The Government plans to introduce statutory regulation of heat networks in the next few years, including the introduction of consumer protections, pricing rules, minimum technical standards, and requirements for heat networks to decarbonise.

In the absence of such regulation, Heat Trust was created in 2015 to provide independent consumer protection in the sector.  It currently sets minimum standards and provides access to ombudsman dispute resolution for over 61,000 heat network customers across the UK, where the provider is registered with the scheme.

Stephen Knight, Director of Heat Trust, said: “Our mission is about protecting heat network customers and we have long supported regulation of the sector.  We are determined to work with Ofgem to make the transition to statutory regulation a success and as seamless for customers as possible.  We are therefore delighted to have Richard join our team and help us to grow in the short term, learn about the sector and to help us prepare heat suppliers for regulation.”

Cathryn Scott, Ofgem’s Director of Enforcement & Emerging Issues, said: “As Ofgem supports BEIS in developing formal regulation of the Heat Network sector, we are pleased to be working closely with Heat Trust. Gaining knowledge of the sector and the customers through this secondment will enable Ofgem to develop regulations that protect consumers whilst supporting growth of the Heat Network sector.”

Heat Trust, the consumer champion for heat networks, has hailed a successful fifth year of holding the heat network industry to account, with figures from its 2020 annual report showing that complaint volumes continue to fall with an average of 3.8 complaints per 100 customers in 2020 amongst participants in the scheme compared to an average of 5.4 complaints per 100 customers in the regulated gas and electricity sectors.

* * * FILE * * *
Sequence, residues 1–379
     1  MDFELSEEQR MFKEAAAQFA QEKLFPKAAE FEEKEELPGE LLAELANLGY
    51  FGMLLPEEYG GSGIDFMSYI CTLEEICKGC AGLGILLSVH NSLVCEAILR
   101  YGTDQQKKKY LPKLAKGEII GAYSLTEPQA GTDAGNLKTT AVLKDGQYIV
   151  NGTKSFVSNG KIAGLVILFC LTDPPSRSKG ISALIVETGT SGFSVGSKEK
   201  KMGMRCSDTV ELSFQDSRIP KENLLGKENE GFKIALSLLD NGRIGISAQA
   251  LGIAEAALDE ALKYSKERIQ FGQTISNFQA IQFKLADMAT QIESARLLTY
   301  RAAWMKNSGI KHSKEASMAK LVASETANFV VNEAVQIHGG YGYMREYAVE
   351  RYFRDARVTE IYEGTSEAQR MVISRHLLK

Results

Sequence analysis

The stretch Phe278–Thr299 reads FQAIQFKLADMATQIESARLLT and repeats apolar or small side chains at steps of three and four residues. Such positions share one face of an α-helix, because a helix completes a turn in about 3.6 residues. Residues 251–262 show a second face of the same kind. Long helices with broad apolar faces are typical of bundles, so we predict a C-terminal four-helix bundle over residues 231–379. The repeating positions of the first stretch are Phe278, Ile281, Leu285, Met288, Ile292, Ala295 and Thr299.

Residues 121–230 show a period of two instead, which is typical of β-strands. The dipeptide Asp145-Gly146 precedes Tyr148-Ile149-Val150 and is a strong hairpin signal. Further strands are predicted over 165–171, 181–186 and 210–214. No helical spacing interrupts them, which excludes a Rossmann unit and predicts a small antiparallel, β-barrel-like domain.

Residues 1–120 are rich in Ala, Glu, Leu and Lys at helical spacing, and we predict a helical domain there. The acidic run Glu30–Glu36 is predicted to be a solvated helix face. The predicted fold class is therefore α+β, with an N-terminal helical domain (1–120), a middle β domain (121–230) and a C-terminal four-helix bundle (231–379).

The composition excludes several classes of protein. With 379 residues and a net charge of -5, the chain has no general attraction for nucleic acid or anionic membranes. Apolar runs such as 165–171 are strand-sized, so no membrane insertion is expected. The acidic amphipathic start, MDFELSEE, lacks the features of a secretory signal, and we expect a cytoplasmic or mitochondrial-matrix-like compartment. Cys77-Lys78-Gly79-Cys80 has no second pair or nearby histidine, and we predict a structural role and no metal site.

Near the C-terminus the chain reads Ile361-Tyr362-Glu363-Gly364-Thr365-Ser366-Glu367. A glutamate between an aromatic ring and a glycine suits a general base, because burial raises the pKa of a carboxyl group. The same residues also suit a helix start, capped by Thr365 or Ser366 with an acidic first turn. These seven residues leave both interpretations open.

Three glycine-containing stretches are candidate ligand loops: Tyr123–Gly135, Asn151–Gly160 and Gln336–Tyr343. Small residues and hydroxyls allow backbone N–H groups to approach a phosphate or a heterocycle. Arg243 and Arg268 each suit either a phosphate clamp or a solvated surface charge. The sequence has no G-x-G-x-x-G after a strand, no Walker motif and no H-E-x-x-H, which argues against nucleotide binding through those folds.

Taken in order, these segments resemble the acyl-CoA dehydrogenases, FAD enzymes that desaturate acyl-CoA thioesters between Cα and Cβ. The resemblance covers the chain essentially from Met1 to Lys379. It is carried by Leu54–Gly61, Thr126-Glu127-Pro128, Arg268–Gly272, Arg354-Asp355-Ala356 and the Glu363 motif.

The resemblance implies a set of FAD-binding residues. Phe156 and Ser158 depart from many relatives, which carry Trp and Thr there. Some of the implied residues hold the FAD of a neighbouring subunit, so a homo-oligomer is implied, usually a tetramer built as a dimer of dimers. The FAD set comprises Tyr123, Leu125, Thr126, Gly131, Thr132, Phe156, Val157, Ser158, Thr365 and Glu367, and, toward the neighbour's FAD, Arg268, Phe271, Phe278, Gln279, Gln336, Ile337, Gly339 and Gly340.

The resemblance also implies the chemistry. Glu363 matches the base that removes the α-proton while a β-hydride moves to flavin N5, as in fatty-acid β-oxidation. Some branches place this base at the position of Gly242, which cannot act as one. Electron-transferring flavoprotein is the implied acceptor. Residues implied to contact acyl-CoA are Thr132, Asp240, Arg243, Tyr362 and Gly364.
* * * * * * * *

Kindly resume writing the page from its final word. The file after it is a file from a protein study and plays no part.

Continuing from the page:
Heat Trust says participation in its voluntary scheme has ensured a significant proportion of the industry is ready for the government’s forthcoming statutory regulation of heat networks. However, it called for those operators who haven’t yet joined the scheme to do so now, to ensure they are not caught out by regulations in a few years’ time.

Heat Trust puts customers at the heart of the rapidly expanding heat network market. It sets consistent customer service standards for the sector, building on standards set in the gas and electricity markets.

Up to five million homes could be reliant on the heat network infrastructure by 2050, a ten-fold increase from the estimated 500,000 homes currently on heat networks in the UK, so it is important that the sector addresses consumer protection issues no in order to build public confidence in this important technology.